Social care cuts 'piling pressure on GPs and hospitals'

London should take control of its health and social care budget and have a health commissioner to help the mayor coordinate policy, the report argues.

SOCIAL CARE cutbacks mean services are failing patients and piling pressure on doctors' surgeries and A&Es, according to a new survey of GPs.

The poll of 1,000 GPs by the Care & Support Alliance, a coalition of more than 90 charities, shows 92 per cent believe social care services are not providing sufficient levels of care.

Eighty-nine per cent said cutbacks have put extra pressure on their surgeries, while 93 per cent said a lack of care is putting pressure on hospitals and fuelling delayed discharges.

Between August 2010 and December 2016, delayed discharges from hospital because of a lack of home care increased by 230 per cent. Last year, the NHS lost 650,000 bed days, costing up to £300m.

Social care funding has been cut by a third - £4.6bn - over the past five years, the alliance said. It has warned that the Government's measures to increase social care funding are a "drop in the ocean".

More than eight out of 10 GPs polled by the CSA believe the situation will only get worse over the next two to three years.

Councils have warned that social care faces a £2.6bn funding gap by 2020.

"Our social care system is letting people and their families down by denying them basic care such as help getting out of bed, getting out of the house or even having a fresh meal. More than a million people with difficult conditions are being denied the chance to live as well as they deserve," said Vicky McDermott, chair of the CSA.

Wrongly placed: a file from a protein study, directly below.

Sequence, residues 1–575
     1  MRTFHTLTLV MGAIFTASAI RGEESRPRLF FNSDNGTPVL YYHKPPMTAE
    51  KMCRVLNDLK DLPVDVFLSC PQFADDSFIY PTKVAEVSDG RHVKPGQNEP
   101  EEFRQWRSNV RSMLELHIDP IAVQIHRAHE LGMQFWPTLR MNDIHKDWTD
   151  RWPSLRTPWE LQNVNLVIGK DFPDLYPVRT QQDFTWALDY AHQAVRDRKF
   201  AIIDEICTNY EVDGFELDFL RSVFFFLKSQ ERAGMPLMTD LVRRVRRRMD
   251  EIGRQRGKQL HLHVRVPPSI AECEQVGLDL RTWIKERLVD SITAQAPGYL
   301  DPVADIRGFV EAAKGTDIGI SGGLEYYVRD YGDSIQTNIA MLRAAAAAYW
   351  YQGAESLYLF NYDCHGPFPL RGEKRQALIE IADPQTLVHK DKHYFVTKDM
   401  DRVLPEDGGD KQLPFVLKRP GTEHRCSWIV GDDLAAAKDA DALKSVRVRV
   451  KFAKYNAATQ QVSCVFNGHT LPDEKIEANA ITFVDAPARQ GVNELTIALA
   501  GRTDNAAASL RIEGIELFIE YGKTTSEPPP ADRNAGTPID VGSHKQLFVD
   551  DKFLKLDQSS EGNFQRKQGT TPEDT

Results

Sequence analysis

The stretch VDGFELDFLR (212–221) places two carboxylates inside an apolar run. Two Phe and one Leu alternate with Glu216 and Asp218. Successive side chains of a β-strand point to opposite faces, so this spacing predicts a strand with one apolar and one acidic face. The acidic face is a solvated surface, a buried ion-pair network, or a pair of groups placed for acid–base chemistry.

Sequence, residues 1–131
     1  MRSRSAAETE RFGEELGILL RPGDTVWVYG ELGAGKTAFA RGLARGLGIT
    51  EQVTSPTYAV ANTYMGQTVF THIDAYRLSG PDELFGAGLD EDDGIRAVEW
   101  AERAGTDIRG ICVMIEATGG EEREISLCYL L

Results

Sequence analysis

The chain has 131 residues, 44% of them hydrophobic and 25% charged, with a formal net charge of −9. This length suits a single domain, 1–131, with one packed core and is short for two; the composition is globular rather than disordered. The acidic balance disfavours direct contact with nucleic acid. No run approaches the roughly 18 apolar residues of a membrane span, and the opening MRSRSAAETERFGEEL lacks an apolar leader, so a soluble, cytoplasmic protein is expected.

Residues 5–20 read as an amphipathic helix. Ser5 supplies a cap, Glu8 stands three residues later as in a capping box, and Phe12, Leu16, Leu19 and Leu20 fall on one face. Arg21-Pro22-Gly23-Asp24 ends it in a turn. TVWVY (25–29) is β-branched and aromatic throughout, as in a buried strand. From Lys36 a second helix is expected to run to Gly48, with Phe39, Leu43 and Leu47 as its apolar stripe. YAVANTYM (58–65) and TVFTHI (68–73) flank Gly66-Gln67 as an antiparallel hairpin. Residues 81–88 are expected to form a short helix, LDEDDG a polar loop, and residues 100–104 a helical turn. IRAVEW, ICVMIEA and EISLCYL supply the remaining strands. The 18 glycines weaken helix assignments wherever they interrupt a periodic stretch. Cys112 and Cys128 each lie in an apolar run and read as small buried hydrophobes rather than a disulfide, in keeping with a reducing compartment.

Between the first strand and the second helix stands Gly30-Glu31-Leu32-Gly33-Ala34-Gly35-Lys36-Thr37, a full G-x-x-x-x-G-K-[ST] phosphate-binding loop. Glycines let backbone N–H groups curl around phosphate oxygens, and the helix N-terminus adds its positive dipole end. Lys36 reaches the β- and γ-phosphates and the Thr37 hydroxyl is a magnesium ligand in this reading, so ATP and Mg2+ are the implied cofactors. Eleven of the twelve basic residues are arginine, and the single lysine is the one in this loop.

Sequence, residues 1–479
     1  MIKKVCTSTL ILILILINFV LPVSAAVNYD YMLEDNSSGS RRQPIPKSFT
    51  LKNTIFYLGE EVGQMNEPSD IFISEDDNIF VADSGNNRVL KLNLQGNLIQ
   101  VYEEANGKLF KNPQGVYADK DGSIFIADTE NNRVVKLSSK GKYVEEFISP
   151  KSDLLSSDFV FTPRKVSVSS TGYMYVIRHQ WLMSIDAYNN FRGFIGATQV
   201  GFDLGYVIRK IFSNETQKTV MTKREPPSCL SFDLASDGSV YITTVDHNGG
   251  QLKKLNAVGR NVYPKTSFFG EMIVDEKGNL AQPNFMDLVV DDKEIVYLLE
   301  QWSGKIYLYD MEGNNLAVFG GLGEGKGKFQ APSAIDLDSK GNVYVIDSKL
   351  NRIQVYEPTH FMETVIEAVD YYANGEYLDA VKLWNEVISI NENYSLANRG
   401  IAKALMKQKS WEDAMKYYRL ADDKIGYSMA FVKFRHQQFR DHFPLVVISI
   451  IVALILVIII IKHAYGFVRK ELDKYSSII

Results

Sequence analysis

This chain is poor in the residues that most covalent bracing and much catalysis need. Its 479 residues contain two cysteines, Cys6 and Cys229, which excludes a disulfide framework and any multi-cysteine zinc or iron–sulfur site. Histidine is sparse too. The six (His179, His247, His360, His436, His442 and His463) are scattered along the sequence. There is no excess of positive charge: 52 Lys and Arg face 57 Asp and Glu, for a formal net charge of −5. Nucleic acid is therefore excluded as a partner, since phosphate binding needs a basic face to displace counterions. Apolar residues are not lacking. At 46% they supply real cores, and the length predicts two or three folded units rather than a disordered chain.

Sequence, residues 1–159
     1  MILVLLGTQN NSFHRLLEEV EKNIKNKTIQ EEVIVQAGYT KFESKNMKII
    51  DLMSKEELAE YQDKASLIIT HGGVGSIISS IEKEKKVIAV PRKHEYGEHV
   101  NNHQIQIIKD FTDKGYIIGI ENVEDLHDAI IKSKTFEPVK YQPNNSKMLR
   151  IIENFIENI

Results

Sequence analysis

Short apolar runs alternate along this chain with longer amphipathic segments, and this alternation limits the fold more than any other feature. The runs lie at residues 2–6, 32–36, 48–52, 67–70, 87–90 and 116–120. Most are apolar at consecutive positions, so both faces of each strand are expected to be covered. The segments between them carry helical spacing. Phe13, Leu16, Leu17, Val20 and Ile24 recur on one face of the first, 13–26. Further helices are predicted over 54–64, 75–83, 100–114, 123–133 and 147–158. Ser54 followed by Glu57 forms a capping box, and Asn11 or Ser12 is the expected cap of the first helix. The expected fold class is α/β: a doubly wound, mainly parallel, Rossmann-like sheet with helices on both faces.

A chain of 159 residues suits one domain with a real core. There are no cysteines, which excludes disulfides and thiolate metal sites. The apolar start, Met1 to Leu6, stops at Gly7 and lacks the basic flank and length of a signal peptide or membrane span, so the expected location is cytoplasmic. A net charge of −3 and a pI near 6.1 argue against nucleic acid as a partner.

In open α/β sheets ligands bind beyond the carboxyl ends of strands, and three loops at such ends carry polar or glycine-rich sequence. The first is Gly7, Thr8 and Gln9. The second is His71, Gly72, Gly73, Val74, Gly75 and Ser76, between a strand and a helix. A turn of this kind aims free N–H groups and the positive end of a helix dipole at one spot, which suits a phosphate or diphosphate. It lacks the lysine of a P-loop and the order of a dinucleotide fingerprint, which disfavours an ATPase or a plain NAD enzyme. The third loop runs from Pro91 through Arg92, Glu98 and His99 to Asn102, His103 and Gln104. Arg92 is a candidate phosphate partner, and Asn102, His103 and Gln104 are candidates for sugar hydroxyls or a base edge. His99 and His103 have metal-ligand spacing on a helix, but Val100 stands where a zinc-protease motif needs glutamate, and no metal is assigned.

"GPs are on the frontline, a witness to what happens when you take basic care away from people - it damages their health and means they need more expensive care from the NHS.

"Philip Hammond needs to use the Budget to invest in social care. The Government needs to address the crisis in social care, which is resulting in the NHS picking up the tab and people not getting the care they need."

Cllr Izzi Seccombe, chair of the Local Government Association's Community Wellbeing Board, said: "The case for new funding for social care is now overwhelming. The services that provide care and support for elderly and disabled people are on the brink of collapse.

"Council tax-raising powers announced by Government will not bring in enough money to fully protect the services which care for elderly and vulnerable people today and in the future. The social care funding crisis needs a long-term, sustainable solution not short-term fixes that merely paper over the cracks in the system.

"Adult social care is about much more than meeting people's basic needs. It is about aspiring to help people live their lives to the fullest, and with dignity, not simply just get by.

"We urge Government to act in next week's Budget and inject genuinely new funding into social care."